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Iraq names new president and premier, ending deadlock


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Barham Salih, Iraq’s newly elected president, delivers a speech at the parliament headquarters, in Baghdad, - REUTERS

 

SULAIMANIYA, Iraq (Reuters): Iraq’s parliament on Tuesday elected as president Kurdish politician Barham Salih, who immediately named Shi’ite Adel Abdul Mahdi prime minister-designate, ending months of deadlock after an inconclusive national election in May.

The presidency, traditionally occupied by a Kurd, is a largely ceremonial position, but the vote for Salih was a key step toward forming a new government, which politicians have failed to do since the election.

Under Iraq’s constitution, Salih – a 58-year-old, British-educated engineer who has held office in both the Iraqi federal and Kurdish regional governments – had 15 days to invite the nominee of the largest parliamentary bloc to form a government. He chose to do so less than two hours after his election.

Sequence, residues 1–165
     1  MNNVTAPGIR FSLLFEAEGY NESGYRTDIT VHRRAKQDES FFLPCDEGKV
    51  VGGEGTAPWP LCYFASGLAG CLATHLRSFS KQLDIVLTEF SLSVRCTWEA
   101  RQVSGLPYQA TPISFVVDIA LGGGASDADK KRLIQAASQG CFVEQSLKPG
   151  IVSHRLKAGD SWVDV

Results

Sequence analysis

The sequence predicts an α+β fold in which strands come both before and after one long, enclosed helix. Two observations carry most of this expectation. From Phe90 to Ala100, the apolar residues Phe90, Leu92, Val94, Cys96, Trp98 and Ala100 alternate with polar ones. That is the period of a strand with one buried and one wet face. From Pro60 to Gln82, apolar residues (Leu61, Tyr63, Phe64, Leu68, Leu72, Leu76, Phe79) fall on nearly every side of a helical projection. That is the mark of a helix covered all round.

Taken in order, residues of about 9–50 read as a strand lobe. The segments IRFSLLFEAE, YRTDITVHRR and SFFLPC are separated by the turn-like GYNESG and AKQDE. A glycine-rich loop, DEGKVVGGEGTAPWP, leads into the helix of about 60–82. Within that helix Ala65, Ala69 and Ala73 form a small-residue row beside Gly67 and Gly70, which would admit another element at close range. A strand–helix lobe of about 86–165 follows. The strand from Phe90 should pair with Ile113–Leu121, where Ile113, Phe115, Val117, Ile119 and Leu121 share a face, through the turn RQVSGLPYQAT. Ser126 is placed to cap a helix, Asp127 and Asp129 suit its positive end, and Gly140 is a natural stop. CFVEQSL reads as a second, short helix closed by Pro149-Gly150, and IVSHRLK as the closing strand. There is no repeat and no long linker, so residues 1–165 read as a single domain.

Since Saddam Hussein was toppled in a 2003 US-led invasion, power has been shared among Iraq’s three largest ethnic-sectarian components.

The most powerful post, that of prime minister, has traditionally been held by a Shi’ite Arab, the speaker of parliament by a Sunni Arab and the presidency by a Kurd.

A former vice president, oil minister and finance minister, Abdul Mahdi now has 30 days to form a cabinet and present it to parliament for approval.

He faces the daunting tasks of rebuilding much of the country after four years of war with Islamic State militants, healing its ethnic and sectarian tensions, and balancing foreign relations with Iraq’s two major allies – Iran and its arch-foe the United States.


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